"If they do not wish to take a few risks, their characters should stay home and become shopkeepers and farmers. Then wish them luck!" -- Gary Gygax

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  5. And a third thing about, well, not the wilderness: how many megadungeons (or just plain dungeons) can one name from classic fantasy lit? Moria comes to mind, even though it isn't very detailed by Tolkien (and on the top of that, the party's disposition is decidedly un-D&D-like, instead of plunder and exploration, they just want to slip through, and fast); Erebor may qualify (loads of loot, a big beefy boss monster, a single secret door), but what else?

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    1. If you don't mind it being fundamentally above ground (but still having a very megadungeon-like structure), Gormenghast.

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    2. Surprisingly many from the pulps:
      - Xuthal from REH's Slithering Shadows (1933);
      - Xuchotil from Red Nails (also REH, 1936);
      - Quarmall from The Lords of Quarmall (Fritz Leiber and Harry Fischer, 1964);
      - Yua-Atlanchi from Snake Mother (a.k.a. The Face in the Abyss, A. Merritt, 1931);
      - ...and the seminal brigand-inhabited caves under Khyber Pass from King -- of the Khyber Rifles (Talbot Mundy, 1916).

      Pretty sure some of the ERB stories contain something similar, but I haven't read too many of them. Also, H. Rider Haggard must have written something about labyrinthine lost cities in King Solomon's Mines or She (pretty sure that's where the idea comes from), but then I haven't read his stuff either.

      Note that unlike LotR, the protagonists of these yarns don't tend to think twice about looting these lost places (or wooing the exotic women who tend to rule them! :)).

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  6. Some of these I used in play. Others not so much. Not all of this is directly relevant to what you say above, but I couldn't help myself:

    Procedural: Supply (or tease) maps to the players frequently! Outdoor adventuring implies certain features seen long distances away. And around the more civilized areas, people will commonly know certain points of interest. Get this info into the players’ hands visually, even if crude and somewhat vague. Make the presence of more detailed (though not always accurate) maps known, possibly available for a price, or by adventuring (steal it).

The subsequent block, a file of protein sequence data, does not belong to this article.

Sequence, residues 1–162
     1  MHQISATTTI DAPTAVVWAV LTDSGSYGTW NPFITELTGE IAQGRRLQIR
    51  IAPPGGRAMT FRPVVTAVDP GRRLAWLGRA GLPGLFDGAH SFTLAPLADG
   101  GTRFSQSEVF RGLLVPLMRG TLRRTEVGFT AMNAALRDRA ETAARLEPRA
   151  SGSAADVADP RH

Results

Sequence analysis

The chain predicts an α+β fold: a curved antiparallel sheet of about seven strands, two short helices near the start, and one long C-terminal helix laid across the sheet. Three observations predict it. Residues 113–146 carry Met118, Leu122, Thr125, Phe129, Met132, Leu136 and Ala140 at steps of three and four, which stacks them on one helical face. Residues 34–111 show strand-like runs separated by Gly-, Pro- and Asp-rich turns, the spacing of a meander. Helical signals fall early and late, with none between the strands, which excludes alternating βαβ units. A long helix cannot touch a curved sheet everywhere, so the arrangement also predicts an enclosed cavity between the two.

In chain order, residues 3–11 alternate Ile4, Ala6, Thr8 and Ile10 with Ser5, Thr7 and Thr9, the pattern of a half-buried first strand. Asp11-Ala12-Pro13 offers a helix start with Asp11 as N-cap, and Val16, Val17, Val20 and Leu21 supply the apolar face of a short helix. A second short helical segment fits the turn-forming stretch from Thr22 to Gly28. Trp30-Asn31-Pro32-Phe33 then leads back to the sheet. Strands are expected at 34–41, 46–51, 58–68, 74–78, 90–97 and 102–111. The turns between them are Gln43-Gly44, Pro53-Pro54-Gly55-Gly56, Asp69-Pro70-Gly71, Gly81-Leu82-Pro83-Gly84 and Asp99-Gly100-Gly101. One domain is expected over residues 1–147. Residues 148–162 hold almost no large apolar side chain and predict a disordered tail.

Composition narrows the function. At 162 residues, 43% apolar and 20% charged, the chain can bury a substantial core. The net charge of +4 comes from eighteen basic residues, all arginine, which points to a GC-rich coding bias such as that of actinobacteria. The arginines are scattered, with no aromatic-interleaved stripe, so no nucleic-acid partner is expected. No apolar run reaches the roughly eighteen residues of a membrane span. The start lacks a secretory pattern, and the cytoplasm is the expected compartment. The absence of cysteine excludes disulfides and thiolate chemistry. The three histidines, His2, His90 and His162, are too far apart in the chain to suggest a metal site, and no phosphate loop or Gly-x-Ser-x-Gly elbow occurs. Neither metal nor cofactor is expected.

Procedural: Instead of homogenous hexes, build the map using variable size spaces. Spaces would work similarly to hexes, but are not actually hexagonal; each space represents typical overland travel distance per time unit, for some definition of “typical.” So mountain and dense forest spaces would be smaller than spaces containing roads or open, level terrain. (IIRC various folks have blogged about this in the last 10 years; don’t have links handy though.) Air travel can be handled with a ruler.

    Procedural & Design: Include secret/hidden stuff frequently enough to make searching worthwhile. Or link the chances of discovering secret/hidden stuff to other rolls the players already need (like foraging). Or at least hint when searching might be likely to uncover things: Include the presence of ruined foundations, overgrown roads, or other hints of civilizations or natural features. Design your special features to take advantage of patterns: IMC, various stone circles (usually an indicator of an adventure site) occur at standard intervals along straight lines; the players haven’t figured this out yet, so this particular example may be too obtuse.

    Procedural: Encode the discoverability of keyed areas into each area description. Some might be obvious. Others could be n-in-6 per period of searching. Any feature could have different layers of discoverability: Certain elements/clues may be automatically discovered, whereas deeper clues and/or the full feature may only have a chance. Consider that any space may have multiple features, so a searching mechanic probably requires multiple dice, just in case, and the referee always rolls the multiples (to keep the players guessing): The first die to determine whether the party finds a clue/feature, and the second roll for which feature. For comprehensive searches of a space (or hex), document the amount of time needed to find it with 100% certainty (this could be in days, weeks, months, etc.).

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  7. Blogger made me break the comment in two. Here's the next bit:

    Design: Exploit vantage points and use long sight-lines when designing. It’s okay to accept the conceit of repeatedly starting players with a high perspective, so you can give them an overview map of a new area. Or, in a wilderness module, instead of the insane wizard digging successive levels downward, he raises a massive tower (maybe even with lights visible at night).

    (One of my home dungeons was a large wilderness area deep underground; I started the party above it, in a vehicle-thing that they could kind of control as it descended downward. They began with an overhead view of the wilderness, revealing certain obvious/major features. And theoretically had a mini-game trying to influence the vehicle to get more info about possible landing sites; though they weren’t able to influence it much, so didn’t really exploit the mini-game.)

    Design: The enormous scale and sight lines beg for enormous consequences. Include things to affect, or be affected by the terrain, or to take advantage of the sign: A shimmering cyclopean magical barrier holds back an ominous sea-full of water at one end of the valley; or like the Eye of Mordor (from the films, anyway), a terrible power might notice you at a distance, thus affecting how/whether you choose to move within an area.